Yoshida-ryo is located on the northeast corner of the intersection of Higashiyama and Konoe Streets in Kyoto City. As Yoshida-ryo is a working school dormitory and not a museum, visitors should not wander around the interior of the buildings, but students hanging out near the main entrance are often willing to give a quick tour of the public areas if asked politely.
For the frugal and adventurous traveler, it is often possible to sleep on the floor of one of the large (and admittedly pretty filthy) common rooms for a nominal fee of ￥200 per night, although at the beginning of the semester these areas are sometimes used to temporarily house new residents before rooms are assigned and may not be available for guests.
The front entrance to Yoshida-ryō.
PA system in the reception room. Although it seems to be powered, I am not aware of it having been used in recent memory.
While little of the building is in as poor a state of disrepair as the front wall of the cafeteria, this is a striking example of how badly repairs are needed for Yoshida-ryō to survive. This is also the first area that residents (and former residents) will try to repair themselves, as a pilot project to see if the plan is at all realistic.
The architecture is fairly typical for similarly utilitarian buildings of early 20th century Japan.
The plumbing works, but it could use a paint job.
The videogame room is one of the many common areas in Yoshida-ryō. Others include the mahjong room, manga library, billiards room, cafeteria, and of course the entrance area.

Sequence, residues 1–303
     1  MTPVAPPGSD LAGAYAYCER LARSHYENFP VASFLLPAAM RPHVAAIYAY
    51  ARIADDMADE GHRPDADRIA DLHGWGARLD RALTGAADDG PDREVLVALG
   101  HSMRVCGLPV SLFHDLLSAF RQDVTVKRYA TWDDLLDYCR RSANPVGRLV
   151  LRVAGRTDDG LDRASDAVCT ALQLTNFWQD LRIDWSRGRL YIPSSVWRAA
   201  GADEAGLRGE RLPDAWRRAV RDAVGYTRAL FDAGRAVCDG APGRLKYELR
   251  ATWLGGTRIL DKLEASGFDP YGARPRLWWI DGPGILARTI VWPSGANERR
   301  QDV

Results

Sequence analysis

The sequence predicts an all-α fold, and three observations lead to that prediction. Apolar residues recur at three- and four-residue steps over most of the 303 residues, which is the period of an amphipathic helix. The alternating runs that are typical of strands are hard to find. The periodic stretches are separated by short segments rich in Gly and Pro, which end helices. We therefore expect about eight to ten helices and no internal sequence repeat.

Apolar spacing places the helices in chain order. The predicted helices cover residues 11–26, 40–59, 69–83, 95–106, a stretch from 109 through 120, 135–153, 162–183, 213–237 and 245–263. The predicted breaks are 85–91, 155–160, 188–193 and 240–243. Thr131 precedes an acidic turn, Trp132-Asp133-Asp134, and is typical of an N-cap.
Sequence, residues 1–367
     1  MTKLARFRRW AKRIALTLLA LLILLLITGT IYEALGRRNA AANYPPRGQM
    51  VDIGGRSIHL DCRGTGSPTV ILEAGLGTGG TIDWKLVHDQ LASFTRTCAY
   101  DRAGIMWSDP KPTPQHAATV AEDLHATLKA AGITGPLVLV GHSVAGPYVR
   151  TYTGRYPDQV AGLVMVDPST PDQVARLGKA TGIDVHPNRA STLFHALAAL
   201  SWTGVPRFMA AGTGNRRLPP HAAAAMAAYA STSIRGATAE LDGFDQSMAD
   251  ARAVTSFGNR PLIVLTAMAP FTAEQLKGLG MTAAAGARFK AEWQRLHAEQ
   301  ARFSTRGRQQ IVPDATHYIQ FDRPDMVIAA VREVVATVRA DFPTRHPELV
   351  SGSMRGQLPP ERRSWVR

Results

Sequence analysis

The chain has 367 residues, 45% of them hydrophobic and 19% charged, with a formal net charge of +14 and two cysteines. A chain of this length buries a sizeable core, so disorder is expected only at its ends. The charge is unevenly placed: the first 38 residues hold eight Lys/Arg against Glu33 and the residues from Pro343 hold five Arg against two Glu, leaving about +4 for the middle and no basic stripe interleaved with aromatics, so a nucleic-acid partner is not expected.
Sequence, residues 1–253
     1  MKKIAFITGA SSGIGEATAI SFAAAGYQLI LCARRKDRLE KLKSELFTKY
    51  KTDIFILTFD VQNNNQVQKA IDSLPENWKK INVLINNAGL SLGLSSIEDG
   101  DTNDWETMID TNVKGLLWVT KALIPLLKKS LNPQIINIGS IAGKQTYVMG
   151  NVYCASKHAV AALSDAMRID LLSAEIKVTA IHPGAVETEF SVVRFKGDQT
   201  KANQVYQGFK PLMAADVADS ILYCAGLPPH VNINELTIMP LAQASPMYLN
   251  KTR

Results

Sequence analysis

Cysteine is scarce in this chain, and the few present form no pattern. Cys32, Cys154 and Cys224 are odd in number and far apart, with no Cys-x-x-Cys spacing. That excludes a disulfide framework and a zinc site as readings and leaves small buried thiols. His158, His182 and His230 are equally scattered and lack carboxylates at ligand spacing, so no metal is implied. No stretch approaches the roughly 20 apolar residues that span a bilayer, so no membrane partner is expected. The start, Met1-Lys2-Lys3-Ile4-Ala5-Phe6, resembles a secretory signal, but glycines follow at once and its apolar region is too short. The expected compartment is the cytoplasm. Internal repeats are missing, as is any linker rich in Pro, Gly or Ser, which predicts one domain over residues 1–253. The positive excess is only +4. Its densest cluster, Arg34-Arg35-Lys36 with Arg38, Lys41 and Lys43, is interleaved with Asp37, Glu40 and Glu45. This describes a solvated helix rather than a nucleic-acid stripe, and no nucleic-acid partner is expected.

Another view of the videogame room.
Rooms may be small, but there are decades of accumulated entertainment media to amuse those who can''t find the space to keep their own.
Despite the mess, fresh groceries are a common site in Yoshida-ryō.
The mahjong room.
The area surrounding the dormitory is also not maintained by the school.
Electrical wiring, and of course Ethernet, is a later addition. The hallways are used for appliances and other storage to save space, and cooking stations are located there.
The exposed veranda and large number of windows reminds us that this dormitory shares the same approach to airflow as traditional Japanese homes.
A typical room, currently unassigned. Notice that it has doors leading to the inner hallway and directly outside.
Same room, inside. The floor area is six tatami mats, although the actual tatami in some rooms has been removed to expose the bare wood.
A cooking area can be seen on the right hand side of the frame.
A temporary food/drink tent set up just outside Yoshida-ryō during one of their festivals.
College students building robots in the cafeteria of a century-old decrepit Japanese dormitory is a scene that should be in a William Gibson novel.
The kitchen of the old cafeteria is now mainly used as a band rehearsal space. There is a sign-up sheet by the door, and reservations can also be made by non-residents with advance permission.
A scene from a play, on a stage erected in the old cafeteria. The space is frequently used for parties and performances.